The decision will allow West Elk to mine up to 19 million tons of coal from leases covering 1700 acres underlying National Forest Service lands.
The coal will be transported using the existing infrastructure systems and surface facilities.
The second most productive coal mine in the state received approval to incorporate the property earlier this year and was given two environmental grants for the expansion from the Forest Service, one of which was overturned on grounds that the approval failed to explain landslide risks and weakened protection for lynx and bald eagles.
Though the Bureau of Land Management (BLM) decided the mine’s expansion would have no significant environmental impacts, an administrative appeal filed by Earthjustice asserted last September that the expansion violated laws meant to protect wildlife, air quality and forest lands.
Conservationists have said that loopholes in Colorado law made the state’s environmental protection for roadless areas particularly vulnerable to industrial development.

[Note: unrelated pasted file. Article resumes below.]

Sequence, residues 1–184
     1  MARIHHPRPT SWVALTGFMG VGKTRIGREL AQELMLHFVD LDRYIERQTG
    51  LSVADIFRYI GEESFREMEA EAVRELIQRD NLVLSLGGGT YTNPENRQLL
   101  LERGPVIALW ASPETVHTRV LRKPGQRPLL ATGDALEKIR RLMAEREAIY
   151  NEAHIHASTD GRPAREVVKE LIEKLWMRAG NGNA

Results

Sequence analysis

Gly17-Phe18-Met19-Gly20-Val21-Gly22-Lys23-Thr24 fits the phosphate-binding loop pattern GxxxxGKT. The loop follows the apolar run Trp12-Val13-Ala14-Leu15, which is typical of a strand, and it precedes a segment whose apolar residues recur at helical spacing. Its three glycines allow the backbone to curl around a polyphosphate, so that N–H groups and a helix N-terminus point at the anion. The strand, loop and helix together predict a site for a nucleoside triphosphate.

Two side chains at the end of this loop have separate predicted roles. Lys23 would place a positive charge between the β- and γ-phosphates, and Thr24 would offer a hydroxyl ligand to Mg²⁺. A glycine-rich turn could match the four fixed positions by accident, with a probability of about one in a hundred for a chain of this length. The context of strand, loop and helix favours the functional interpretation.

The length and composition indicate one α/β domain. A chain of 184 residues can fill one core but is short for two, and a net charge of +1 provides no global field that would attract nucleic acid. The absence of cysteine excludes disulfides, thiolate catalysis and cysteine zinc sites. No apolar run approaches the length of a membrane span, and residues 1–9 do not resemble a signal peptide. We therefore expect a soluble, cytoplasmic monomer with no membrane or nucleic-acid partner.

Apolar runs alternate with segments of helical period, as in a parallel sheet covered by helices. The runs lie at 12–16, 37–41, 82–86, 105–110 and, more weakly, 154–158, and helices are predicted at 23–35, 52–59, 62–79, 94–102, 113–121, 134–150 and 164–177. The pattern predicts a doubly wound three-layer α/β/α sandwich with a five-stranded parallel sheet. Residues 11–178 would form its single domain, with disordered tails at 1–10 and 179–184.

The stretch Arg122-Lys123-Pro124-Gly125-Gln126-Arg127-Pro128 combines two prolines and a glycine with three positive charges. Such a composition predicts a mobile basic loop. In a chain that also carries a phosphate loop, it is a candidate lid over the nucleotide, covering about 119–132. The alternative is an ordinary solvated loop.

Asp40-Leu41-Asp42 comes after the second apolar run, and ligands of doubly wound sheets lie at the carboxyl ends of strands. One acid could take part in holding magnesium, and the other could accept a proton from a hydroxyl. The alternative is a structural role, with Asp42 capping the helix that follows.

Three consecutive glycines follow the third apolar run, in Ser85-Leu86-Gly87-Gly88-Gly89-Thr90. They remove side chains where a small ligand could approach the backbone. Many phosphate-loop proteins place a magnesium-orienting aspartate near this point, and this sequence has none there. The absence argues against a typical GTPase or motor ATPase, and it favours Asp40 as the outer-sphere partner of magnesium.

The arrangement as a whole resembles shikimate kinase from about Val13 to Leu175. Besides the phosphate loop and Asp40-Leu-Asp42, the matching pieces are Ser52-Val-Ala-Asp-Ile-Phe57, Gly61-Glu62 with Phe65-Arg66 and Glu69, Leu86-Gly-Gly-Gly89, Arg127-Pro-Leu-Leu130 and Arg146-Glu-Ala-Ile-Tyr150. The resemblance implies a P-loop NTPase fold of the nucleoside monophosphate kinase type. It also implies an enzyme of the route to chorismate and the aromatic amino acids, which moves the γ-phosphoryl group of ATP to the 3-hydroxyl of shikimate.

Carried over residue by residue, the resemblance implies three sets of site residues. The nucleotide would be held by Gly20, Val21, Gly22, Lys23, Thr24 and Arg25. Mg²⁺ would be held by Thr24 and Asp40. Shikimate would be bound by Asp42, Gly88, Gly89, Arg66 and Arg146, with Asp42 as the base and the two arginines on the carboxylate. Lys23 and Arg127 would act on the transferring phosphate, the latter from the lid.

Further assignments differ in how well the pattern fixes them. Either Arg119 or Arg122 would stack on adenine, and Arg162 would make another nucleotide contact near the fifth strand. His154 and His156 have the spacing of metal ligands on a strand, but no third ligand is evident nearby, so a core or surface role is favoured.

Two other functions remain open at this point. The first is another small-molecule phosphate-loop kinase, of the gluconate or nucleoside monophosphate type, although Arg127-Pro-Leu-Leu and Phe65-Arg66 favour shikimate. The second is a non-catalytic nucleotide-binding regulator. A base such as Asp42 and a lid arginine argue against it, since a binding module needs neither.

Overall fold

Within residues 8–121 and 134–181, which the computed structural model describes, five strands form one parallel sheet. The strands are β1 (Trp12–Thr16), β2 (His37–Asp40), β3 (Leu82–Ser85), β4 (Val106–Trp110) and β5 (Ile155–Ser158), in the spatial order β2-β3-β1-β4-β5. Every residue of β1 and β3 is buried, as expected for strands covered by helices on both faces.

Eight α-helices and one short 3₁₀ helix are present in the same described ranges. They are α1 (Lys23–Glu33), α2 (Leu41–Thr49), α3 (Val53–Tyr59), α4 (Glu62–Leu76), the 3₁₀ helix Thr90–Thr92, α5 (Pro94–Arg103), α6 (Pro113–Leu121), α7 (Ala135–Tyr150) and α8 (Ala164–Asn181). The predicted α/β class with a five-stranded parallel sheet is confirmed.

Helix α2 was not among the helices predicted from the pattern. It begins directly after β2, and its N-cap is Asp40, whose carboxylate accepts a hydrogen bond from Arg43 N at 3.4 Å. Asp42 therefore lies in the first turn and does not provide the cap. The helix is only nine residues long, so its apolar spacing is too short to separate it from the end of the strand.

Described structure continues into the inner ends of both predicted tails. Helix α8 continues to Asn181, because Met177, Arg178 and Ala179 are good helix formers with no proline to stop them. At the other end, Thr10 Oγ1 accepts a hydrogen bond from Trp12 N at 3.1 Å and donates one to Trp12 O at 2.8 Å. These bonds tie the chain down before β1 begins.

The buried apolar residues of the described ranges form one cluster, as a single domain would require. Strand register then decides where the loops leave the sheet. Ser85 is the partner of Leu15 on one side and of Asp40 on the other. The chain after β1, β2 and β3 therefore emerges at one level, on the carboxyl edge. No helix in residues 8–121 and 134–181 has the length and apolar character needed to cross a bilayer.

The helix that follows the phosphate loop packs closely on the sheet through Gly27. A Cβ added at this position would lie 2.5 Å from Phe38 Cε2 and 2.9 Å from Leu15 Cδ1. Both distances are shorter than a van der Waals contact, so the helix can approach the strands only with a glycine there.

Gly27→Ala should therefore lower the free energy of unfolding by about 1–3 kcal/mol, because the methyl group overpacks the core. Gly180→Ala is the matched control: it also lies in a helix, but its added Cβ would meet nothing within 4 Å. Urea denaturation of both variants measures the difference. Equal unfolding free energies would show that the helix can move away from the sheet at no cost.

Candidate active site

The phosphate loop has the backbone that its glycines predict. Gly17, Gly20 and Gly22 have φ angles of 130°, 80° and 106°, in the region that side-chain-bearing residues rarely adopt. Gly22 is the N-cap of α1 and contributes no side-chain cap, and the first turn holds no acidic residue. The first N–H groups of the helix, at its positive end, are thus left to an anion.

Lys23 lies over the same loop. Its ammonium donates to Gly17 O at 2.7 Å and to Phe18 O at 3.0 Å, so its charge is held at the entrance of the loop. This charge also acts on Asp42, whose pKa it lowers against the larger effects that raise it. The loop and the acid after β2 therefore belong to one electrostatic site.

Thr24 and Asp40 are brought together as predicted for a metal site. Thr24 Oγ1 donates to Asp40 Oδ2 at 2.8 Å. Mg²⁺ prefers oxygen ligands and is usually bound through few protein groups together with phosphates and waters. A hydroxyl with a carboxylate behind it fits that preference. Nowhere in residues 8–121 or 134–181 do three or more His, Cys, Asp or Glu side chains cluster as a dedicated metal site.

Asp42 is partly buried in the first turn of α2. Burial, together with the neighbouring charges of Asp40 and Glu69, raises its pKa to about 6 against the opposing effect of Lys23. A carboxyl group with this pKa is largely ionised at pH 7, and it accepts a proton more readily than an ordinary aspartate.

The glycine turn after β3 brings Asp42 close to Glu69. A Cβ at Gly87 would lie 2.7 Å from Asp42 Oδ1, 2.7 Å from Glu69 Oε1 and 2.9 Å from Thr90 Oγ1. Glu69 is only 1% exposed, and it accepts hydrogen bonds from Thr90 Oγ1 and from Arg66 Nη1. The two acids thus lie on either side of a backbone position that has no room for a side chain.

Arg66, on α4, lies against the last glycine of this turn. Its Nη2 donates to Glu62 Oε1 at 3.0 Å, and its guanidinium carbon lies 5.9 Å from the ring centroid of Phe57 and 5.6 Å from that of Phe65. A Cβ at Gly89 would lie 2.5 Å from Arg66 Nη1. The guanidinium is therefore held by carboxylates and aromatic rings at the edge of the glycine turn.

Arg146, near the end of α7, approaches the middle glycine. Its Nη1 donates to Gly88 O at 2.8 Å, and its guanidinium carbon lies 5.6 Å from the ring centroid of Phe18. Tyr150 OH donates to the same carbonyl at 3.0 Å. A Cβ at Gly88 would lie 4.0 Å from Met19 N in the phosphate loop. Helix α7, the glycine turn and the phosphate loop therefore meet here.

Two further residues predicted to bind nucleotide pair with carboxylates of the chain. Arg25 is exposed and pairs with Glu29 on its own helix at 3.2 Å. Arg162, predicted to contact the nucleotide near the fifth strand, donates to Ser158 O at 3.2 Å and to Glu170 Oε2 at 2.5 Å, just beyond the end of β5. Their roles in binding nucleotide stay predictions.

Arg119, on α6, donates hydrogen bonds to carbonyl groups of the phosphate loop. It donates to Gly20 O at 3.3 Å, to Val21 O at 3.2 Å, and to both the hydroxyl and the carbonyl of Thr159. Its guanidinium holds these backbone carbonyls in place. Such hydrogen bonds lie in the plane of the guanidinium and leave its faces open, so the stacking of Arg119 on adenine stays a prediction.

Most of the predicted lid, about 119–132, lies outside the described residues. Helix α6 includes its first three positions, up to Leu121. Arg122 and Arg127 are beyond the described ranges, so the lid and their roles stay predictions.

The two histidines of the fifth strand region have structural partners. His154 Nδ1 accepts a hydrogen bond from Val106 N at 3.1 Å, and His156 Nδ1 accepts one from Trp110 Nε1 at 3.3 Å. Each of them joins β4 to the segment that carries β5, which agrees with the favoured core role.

The BLM approval said that the Colorado roadless area rules specifically provided for coal mining in the tenement near West Elk by allowing for the construction of temporary roads.
For its part, Arch has maintained a consistently positive reputation for environmental responsibility at West Elk, which has operated for more than 12 years without a state environment violation.
As recently as March 2012, the mine received an environmental excellence award from the state reclamation, mining and safety division.
Since 2000, West Elk has won 17 pollution prevention and reclamation awards.
The mine currently produces six million tonnes of coal per annum.